This sign is located at N41 41.642 W80 57.001.
Birthplace of a resort:
On July 4, 1869, Cullen Spencer, son of a Geneva Township settler, and Cullen’s friend, Edwin Pratt, opened a lakefront, public picnic ground in the area of what is now Mapleton Beach. Cool breezes, sandy beaches and huge trees made this area an ideal summer resort for affluent Cleveland families. Boarding houses, inns and cottages were constructed to cater to the guests’ needs.
Known as Mapleton Beach today, Sturgeon Point still “sticks out” into Lake Erie as it did in 1869, but the original picnic grounds have long succumbed to erosion.
This point got its name from the schools of lake sturgeon that swam on the waters near the point. Harvey Spencer, an early settler, used his flat-bottomed boat to fish for lake sturgeon, a prehistoric-looking creature that could weigh up to 200 pounds. Most commercial fishermen despised sturgeon and routinely discarded them until the public developed a voracious appetite for the fish in the late 19th century. In one year alone, more than 5 million pounds of sturgeon were harvested from Lake Erie. Sturgeon were overfished and the fishery was decimated by 1906.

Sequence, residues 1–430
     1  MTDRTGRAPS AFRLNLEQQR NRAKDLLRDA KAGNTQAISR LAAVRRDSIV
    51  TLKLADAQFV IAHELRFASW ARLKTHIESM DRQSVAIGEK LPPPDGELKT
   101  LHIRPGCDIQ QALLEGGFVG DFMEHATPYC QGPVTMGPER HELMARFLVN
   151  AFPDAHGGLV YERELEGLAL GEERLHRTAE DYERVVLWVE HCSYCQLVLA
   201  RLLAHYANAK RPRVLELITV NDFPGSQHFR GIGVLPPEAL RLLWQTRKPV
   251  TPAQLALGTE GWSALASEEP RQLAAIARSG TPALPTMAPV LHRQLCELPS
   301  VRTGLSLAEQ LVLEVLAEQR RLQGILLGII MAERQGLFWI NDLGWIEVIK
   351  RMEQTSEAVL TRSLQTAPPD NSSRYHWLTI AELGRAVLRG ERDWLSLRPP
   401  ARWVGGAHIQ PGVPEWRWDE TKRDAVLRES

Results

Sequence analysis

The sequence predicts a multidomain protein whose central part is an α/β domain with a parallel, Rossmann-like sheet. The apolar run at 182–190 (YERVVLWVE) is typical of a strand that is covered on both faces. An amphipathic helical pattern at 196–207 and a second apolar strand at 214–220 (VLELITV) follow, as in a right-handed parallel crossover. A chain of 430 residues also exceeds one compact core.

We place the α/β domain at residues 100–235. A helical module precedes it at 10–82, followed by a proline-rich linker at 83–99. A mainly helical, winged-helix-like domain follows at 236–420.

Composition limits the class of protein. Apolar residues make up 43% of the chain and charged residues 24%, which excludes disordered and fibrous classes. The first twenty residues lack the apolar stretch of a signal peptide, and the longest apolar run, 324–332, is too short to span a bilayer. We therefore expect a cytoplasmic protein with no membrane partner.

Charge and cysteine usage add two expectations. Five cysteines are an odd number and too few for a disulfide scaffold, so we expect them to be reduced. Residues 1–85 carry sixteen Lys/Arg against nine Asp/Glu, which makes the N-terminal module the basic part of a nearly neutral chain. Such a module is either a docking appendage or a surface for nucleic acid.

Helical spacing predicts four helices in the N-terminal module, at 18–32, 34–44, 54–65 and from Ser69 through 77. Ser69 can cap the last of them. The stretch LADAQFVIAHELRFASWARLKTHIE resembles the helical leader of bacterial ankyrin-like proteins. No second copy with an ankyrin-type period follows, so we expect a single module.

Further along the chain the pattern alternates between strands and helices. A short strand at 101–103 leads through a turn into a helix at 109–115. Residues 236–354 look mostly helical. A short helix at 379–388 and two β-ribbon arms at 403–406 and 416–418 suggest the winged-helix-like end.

Sturgeon Point ought not be confused with the condo development of the same name to the west. The original Sturgeon Point remains the home of many cottages. The private drives in this section of The Strip end at the overlook that juts out into the lake.